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The Rolla Daily News - Rolla, MO
  • St. James' Snelson wins national championship

  • St. James resident Dusty Snelson, who has already won countless other archery competitions, can now add one more title to his resume – national champion.Snelson, 17, recently took the top prize in the National Field Archery Association’s 3D unmarked competition for young adults.“...
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  • St. James resident Dusty Snelson, who has already won countless other archery competitions, can now add one more title to his resume – national champion.
    Snelson, 17, recently took the top prize in the National Field Archery Association’s 3D unmarked competition for young adults.
    “I went in thinking I was going to win it, but then I realized some of those other kids were pretty good,” he said. “They got in some great shots this weekend, but I still came out on top.”
    The two-day tourney in Yankton, S.D., started Saturday. That first day, Snelson had a slight lead over his competition, finishing with a score of 301, which was one point ahead of his next closest competitor.
    “A good score is 300 or higher. You call a score of 300 breaking even,” he said.
    The next day, Snelson finished with a score of 289, which he credited to the difficulty of the course.
    He said the yardage for the event was more difficult to gauge, which made the course harder for everyone. The tourney was also held over a windy and hot weekend, with temperatures reaching the triple-digits.
    Instead of shooting at simple, traditional targets as some might expect, the style of shooting in which Snelson is now the national champ had him shooting at 3D, lifelike animals.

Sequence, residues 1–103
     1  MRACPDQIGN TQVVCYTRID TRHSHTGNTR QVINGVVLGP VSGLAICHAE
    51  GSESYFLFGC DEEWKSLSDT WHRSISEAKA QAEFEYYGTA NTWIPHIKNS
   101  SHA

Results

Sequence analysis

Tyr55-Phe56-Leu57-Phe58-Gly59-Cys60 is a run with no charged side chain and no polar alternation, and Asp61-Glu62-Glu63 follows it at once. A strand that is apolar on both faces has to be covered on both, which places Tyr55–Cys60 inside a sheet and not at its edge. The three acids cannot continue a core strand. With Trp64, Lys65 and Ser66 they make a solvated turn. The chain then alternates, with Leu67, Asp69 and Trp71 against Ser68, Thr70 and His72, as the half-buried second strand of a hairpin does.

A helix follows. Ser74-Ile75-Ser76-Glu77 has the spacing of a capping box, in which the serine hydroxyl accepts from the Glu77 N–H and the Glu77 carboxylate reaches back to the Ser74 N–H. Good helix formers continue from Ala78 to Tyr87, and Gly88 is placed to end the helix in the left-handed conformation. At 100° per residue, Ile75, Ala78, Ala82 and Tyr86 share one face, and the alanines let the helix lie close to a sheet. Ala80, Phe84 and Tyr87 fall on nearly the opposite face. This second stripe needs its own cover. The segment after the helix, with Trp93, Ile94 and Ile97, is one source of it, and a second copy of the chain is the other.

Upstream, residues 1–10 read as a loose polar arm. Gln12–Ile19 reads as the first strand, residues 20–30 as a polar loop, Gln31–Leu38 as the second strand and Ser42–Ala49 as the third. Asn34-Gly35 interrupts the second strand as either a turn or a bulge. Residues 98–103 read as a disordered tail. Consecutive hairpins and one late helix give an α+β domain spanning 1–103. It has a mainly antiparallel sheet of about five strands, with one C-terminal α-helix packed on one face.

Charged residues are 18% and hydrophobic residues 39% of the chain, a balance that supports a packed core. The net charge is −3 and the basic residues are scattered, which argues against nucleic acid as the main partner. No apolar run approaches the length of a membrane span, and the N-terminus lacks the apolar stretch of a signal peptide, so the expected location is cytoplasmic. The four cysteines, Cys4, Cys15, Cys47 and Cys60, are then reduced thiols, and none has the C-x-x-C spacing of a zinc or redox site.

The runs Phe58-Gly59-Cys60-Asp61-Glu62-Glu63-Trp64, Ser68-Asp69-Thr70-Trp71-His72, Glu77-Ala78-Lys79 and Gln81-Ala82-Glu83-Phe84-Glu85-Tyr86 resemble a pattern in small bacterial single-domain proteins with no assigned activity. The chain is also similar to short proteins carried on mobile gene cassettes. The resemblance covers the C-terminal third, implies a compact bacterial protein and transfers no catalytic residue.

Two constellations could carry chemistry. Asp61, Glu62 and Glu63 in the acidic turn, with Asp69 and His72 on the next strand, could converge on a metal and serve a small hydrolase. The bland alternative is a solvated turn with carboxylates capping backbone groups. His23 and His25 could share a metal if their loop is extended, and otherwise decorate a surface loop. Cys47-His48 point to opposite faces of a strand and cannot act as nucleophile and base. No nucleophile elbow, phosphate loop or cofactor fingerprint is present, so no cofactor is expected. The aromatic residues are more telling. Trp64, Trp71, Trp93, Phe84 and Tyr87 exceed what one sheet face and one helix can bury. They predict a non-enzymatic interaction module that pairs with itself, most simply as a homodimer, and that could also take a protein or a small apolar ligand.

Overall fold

“We shoot at deer, elk, boars, all animals from North America,” he said.
    Snelson said his national championship wouldn’t have been possible without the support of his father, David Snelson.
    “He is the one who pushed me and inspired me to become a national champion,” he said. “I couldn’t have done it without him.”
    With his father’s guiding hand, Snelson has been shooting since he was 4 years old, and has been shooting competitively since he was 9.
    He said he hopes to keep shooting for years to come.
    ‘It’s my life,” he said. “I love it.”
    In the past, Snelson has captured state championships, sectional championships and won a number of other tourneys throughout the country.
    The next competition on his radar is this summer’s Show-Me Games, which he won in the past.
    He said he also hopes to compete in the NFAA’s national championship again next year, although he will not be able to defend his title, since the age range for young adults is 14-17 and Snelson will then be 18 years old.
    “With my score in the young adult division this year, I would have taken 6th place as an adult, and both divisions go from the same stakes,” he said. “If you place in the top 10 as an adult in the national championships, you’re doing well.”

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